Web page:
Leonello said he's confident he, his brother and Stein would be repaid within the six-month term.
“We gave them the bridge to get to that point that now they'll be able to get back on their own and solve the matter, and I believe it,” Leonello said. “They'll be back on their feet.”
Melissa Daniels is a staff writer for Trib Total Media. She can be reached at 412- 380-8511 or email@example.com.
Show commenting policy
TribLive commenting policy
You are solely responsible for your comments and by using TribLive.com you agree to our Terms of Service.
We moderate comments. Our goal is to provide substantive commentary for a general readership. By screening submissions, we provide a space where readers can share intelligent and informed commentary that enhances the quality of our news and information.
While most comments will be posted if they are on-topic and not abusive, moderating decisions are subjective. We will make them as carefully and consistently as we can. Because of the volume of reader comments, we cannot review individual moderation decisions with readers.
We value thoughtful comments representing a range of views that make their point quickly and politely. We make an effort to protect discussions from repeated comments either by the same reader or different readers.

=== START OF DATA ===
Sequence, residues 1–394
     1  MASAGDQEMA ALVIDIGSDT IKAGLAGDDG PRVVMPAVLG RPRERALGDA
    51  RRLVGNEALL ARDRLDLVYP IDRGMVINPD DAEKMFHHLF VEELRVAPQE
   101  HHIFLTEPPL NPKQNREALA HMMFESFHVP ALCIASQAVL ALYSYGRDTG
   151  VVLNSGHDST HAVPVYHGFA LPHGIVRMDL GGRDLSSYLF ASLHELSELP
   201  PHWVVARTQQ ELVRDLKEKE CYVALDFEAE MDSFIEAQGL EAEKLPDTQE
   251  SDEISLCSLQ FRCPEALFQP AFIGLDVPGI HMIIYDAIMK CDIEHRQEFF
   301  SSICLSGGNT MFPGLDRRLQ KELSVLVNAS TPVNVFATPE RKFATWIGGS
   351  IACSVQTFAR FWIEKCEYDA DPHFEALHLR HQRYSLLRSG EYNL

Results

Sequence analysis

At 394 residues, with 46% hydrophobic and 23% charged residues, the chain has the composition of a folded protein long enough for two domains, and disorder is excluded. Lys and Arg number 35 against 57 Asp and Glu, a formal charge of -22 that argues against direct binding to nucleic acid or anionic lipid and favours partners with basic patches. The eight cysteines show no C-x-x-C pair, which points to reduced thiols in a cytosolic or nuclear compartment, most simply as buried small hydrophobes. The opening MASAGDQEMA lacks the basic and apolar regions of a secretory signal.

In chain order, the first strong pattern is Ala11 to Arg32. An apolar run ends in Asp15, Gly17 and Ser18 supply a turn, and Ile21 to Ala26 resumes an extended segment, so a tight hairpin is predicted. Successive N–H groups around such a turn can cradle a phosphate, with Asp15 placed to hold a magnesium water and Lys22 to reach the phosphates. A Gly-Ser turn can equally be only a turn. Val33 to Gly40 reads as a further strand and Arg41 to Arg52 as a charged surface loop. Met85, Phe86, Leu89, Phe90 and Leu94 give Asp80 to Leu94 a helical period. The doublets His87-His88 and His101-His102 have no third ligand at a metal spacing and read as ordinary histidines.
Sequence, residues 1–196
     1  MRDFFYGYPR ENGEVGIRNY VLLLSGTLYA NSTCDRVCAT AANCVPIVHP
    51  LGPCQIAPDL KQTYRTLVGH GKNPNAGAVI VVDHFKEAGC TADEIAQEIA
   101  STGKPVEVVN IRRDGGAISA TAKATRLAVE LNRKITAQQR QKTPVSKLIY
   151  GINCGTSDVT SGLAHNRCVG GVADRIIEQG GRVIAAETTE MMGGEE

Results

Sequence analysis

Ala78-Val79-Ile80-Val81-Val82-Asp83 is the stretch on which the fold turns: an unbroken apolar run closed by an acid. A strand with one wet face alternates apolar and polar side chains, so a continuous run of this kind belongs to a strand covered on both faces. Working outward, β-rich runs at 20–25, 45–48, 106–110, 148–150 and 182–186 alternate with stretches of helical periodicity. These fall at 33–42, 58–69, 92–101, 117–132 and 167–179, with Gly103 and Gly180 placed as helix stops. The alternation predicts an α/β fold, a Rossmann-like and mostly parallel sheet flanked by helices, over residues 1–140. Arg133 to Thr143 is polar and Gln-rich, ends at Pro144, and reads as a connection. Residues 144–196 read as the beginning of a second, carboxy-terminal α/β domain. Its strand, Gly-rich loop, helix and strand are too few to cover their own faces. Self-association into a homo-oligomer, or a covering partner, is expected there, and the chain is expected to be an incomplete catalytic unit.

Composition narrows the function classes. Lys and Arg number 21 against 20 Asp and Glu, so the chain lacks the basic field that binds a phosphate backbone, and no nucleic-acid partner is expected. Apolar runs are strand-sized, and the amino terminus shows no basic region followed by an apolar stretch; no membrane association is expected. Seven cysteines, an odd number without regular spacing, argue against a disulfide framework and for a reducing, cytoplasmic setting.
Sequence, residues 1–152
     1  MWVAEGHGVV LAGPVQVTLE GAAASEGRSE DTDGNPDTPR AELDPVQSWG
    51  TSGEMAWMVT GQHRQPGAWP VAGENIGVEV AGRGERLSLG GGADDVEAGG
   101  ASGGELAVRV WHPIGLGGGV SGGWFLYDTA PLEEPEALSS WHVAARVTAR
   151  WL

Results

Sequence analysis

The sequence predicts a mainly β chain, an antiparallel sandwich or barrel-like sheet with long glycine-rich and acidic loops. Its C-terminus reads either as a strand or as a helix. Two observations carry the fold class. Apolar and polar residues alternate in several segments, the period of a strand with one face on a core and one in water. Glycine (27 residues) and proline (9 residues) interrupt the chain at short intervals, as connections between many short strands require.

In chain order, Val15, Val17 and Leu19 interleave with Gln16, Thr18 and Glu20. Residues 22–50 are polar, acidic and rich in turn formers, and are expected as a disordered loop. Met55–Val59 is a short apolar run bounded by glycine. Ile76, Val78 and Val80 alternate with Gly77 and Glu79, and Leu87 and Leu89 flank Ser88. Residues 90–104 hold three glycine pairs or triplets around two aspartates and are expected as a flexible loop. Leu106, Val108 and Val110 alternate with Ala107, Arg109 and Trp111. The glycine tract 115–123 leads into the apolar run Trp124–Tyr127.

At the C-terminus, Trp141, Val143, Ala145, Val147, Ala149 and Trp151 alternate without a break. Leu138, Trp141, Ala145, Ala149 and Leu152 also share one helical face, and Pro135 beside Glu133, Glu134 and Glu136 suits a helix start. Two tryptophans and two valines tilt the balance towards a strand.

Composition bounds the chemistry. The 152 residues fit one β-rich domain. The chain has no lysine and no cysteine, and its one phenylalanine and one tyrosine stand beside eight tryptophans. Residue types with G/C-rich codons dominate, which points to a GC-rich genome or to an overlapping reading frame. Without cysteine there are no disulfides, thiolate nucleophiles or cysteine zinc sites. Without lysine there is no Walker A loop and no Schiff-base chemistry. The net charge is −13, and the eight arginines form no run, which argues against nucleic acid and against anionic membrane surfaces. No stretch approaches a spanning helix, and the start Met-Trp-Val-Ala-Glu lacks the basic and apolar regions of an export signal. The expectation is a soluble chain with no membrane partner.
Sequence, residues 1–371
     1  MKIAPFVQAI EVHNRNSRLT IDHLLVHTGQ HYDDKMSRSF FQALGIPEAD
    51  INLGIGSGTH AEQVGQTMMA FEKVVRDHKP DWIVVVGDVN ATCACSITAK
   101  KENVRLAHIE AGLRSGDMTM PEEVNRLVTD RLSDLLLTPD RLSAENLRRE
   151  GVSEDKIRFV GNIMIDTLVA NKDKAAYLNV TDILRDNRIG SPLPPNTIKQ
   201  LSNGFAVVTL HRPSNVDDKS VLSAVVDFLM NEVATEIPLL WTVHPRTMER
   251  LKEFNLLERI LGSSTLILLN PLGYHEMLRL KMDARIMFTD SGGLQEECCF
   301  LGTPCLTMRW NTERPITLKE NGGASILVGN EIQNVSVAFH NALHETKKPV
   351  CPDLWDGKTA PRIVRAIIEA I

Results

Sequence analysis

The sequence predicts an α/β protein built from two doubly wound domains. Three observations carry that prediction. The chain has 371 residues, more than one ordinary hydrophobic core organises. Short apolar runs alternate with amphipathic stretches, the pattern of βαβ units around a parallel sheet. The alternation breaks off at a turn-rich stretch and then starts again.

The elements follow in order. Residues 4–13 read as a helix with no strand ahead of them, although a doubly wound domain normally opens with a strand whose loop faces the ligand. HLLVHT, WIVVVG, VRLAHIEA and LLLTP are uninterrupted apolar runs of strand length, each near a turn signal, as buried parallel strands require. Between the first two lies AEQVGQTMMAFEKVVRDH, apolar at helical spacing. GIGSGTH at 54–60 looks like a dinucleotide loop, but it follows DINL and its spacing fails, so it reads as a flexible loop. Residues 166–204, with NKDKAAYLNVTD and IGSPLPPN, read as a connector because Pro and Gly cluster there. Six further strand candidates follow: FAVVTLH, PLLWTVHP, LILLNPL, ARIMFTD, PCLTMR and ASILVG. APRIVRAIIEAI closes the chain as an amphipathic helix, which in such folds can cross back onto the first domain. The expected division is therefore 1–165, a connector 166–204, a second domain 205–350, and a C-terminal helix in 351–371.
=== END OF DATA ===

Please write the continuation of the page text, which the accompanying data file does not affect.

We follow the same standards for taste as the daily newspaper. A few things we won't tolerate: personal attacks, obscenity, vulgarity, profanity (including expletives and letters followed by dashes), commercial promotion, impersonations, incoherence, proselytizing and SHOUTING. Don't include URLs to Web sites.
We do not edit comments. They are either approved or deleted. We reserve the right to edit a comment that is quoted or excerpted in an article. In this case, we may fix spelling and punctuation.
We welcome strong opinions and criticism of our work, but we don't want comments to become bogged down with discussions of our policies and we will moderate accordingly.
We appreciate it when readers and people quoted in articles or blog posts point out errors of fact or emphasis and will investigate all assertions. But these suggestions should be sent via e-mail. To avoid distracting other readers, we won't publish comments that suggest a correction. Instead, corrections will be made in a blog post or in an article.
- State awards six Western Pennsylvania schools mentoring grants
- Unprepared law firms vulnerable to hackers
- Unprepared law firms vulnerable to hackers
- Wheel separation incidents can prove deadly; NTSB doesn’t track them
- New Pittsburgh police chief gets familiar with surroundings on first day
- Man shot outside his home in Penn Hills
- Mt. Lebanon business district, drivers both profit from free, new parking app
- Kent State provocation with ‘blood’ sweatshirt denied
- Latest flu vaccines offer protection from 4 influenza strains instead of traditional 3
- Hill District woman killed in crash on Birmingham Bridge
- Pennsylvania death row inmate asks federal judge for stay of execution